And thou most kind and gentle Death,
Waiting to hush our latest breath,
O praise Him! Alleluia!
Thou leadest home the child of God,
And Christ our Lord the way hath trod.
Calling ‘Death’ to sing God’s praise? And buttering him up by calling him ‘kind’ and ‘gentle?’ Should’ve stopped while you were ahead.
Bless Thou the Astronauts
Yeah, turned out one astronaut song wasn’t enough. There were two. That’s a praise chorus short of a medley! You could have a complete Star Trek theme for the whole worship service!
Bless Thou the astronauts who face
The vast immensities of space;
And may they know, in air, on land,
Thou holdest them within in thy hand.
O may the small step each doth take
Aid others giant leaps to make.
I especially like the invocation of Niel Armstrong’s famous quote, punctuated with the ‘King Jamesification’ of the quote with the word ‘doth.’
Little Brown Church in the Vale
Apparently, some dude was really sentimental about his childhood church. He cried so hard at the end of VBS, he had to write a song about the place.
There’s a church in the valley by the wildwood,
No lovelier spot in the dale;
No place is so dear to my childhood,
As the little brown church in the vale.
First, we’re singing a song about a church building. Then, I found out this church isn’t even in a green pasture of Ireland or a beautiful meadow in England. It’s in Iowa. Then I threw up.
O God, that Great Tsunami
Yes, it’s a hymn mourning a tsunami strike.
O God, that great tsunami has stunned us one and all;
Our neighbors reel in anguish while homes and cities fall.
O God of wind and water who made the sea and sky,
Amid such great destruction, we mournfully ask “Why?”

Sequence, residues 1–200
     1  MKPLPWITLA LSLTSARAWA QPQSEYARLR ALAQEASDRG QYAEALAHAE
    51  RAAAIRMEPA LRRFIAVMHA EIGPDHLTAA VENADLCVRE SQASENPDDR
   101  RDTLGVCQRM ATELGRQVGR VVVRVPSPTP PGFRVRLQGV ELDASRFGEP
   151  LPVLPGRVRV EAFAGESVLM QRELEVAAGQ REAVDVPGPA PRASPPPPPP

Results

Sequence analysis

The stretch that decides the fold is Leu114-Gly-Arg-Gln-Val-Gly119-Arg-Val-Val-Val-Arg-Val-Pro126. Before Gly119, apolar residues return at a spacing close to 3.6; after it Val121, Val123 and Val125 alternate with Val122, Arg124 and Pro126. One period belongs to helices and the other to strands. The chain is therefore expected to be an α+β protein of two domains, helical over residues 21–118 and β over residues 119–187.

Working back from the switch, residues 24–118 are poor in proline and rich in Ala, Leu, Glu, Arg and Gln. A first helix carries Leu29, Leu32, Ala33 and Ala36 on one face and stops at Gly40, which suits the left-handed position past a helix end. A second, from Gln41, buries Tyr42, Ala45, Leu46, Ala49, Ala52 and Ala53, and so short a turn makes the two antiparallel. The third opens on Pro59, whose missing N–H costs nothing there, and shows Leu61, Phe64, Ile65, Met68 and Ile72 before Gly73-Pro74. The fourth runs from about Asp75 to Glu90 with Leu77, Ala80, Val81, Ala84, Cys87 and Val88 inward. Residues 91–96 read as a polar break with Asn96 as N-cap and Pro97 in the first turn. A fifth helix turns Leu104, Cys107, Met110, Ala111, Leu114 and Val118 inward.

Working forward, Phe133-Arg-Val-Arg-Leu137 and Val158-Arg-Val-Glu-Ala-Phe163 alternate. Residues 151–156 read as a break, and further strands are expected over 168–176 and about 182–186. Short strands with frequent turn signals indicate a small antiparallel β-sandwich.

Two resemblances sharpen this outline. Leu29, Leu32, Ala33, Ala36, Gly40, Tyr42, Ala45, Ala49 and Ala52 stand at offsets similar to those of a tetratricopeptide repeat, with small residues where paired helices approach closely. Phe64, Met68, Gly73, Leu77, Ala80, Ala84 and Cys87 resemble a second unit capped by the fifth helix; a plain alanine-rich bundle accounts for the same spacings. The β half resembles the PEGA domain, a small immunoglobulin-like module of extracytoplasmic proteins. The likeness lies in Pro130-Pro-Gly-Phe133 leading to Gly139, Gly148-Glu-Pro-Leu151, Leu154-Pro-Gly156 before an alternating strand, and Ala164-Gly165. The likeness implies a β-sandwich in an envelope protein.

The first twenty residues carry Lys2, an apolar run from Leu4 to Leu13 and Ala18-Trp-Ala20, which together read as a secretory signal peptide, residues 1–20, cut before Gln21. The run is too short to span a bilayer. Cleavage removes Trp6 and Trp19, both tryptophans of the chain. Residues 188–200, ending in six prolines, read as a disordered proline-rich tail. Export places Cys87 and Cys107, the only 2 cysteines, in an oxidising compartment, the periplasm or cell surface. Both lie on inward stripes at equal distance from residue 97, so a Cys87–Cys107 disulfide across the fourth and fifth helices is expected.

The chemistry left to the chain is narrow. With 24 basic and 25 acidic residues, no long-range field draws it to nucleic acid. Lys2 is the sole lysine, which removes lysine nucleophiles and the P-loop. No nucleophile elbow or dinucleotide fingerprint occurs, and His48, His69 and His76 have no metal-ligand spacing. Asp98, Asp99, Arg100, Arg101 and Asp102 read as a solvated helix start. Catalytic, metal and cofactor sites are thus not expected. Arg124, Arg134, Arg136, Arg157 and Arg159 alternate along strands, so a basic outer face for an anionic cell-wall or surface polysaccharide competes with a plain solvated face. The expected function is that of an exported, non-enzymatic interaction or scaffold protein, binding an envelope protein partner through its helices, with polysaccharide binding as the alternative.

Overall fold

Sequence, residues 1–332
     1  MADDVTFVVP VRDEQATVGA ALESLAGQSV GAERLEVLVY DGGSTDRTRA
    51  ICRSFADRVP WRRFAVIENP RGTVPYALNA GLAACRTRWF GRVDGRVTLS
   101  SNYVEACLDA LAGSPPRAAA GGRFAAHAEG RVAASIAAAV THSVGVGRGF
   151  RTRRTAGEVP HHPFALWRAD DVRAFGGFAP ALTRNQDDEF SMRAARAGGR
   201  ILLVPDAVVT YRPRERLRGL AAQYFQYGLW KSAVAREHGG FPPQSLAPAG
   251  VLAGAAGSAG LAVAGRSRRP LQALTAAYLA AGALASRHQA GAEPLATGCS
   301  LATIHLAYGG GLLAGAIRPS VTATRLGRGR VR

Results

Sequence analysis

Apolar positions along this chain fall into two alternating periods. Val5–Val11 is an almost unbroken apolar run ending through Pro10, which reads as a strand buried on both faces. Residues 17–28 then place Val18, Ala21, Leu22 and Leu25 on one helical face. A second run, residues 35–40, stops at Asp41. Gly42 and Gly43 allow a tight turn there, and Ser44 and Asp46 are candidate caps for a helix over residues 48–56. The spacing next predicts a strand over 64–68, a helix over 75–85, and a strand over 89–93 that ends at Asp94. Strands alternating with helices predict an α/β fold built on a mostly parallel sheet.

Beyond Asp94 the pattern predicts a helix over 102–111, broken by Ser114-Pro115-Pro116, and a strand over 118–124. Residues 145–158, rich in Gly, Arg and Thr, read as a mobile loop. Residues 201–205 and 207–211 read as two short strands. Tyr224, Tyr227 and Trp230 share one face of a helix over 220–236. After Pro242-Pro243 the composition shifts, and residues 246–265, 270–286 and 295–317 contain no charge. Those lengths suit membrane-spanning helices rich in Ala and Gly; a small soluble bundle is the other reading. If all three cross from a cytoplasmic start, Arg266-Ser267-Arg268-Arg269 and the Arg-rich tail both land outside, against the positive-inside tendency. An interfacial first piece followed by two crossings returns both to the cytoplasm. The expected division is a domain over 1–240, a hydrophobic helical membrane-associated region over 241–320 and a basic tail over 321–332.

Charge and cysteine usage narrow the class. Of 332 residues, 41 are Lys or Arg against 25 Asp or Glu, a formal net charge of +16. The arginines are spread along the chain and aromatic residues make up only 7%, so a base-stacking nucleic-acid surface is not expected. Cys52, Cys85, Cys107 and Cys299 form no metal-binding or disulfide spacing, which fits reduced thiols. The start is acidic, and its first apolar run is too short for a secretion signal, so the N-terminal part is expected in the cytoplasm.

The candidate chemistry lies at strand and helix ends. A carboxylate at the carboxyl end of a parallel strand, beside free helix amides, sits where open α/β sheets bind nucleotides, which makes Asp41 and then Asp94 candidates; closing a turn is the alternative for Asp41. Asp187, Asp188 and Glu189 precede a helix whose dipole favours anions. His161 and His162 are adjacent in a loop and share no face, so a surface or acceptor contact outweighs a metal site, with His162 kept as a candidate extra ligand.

First, I enjoy the ambiguity of the first line. Are we calling God a tsunami, or saying “Hey God,” and then pointing to “that” tsunami? (And are we pointing to ‘that’ tsunami over ‘there’ because there’s a second tsunami we want to be sure we’re not singing about?) Second, I can’t think of a more irrelevant response to a tsunami strike than singing this song. I’m sure the hearts of tsunami victims are warmed knowing that a church that didn’t get knocked down by a freakin’ tsunami is singing about them. This song is just good enough, you have to look it up and read the rest of the verses.
Majestic Sweetness Sits Enthroned
At first, I thought this song was calling Jesus, ‘majestic sweetness,’ which is a rather original name. Sounds like something I should call my wife when she’s mad at me. But apparently ‘majestic sweetness’ is an altogether seperate entity. And it has a throne. And the throne is on Jesus’ head.
Majestic sweetness sits enthroned
Upon the Savior’s brow;
His head with radiant glories crowned,
His lips with grace o’erflow,
His lips with grace o’erflow.
Back in the day, did brow and flow rhyme? What about throne and crown?
I haven’t even touched the more recent wave of irrelevance that hit the church in the last thirty years. What songs do you find to be irrelevant or just awful? What songs do you love that seem to have been put aside by everyone else? Maybe I’ll make a list of irrelevant-yet-still-awesome hymns.
Note: My original research told me that the ‘little brown church’ was in Wisconsin, but it is actually in Iowa. I don’t know if that makes the song any better, but I am ashamed that I would present to you such a blatant falsehood as fact, and I denounce the website which misled me. I appreciate sharp-eyed readers whenever they can keep me on my toes, and do so in Christian love!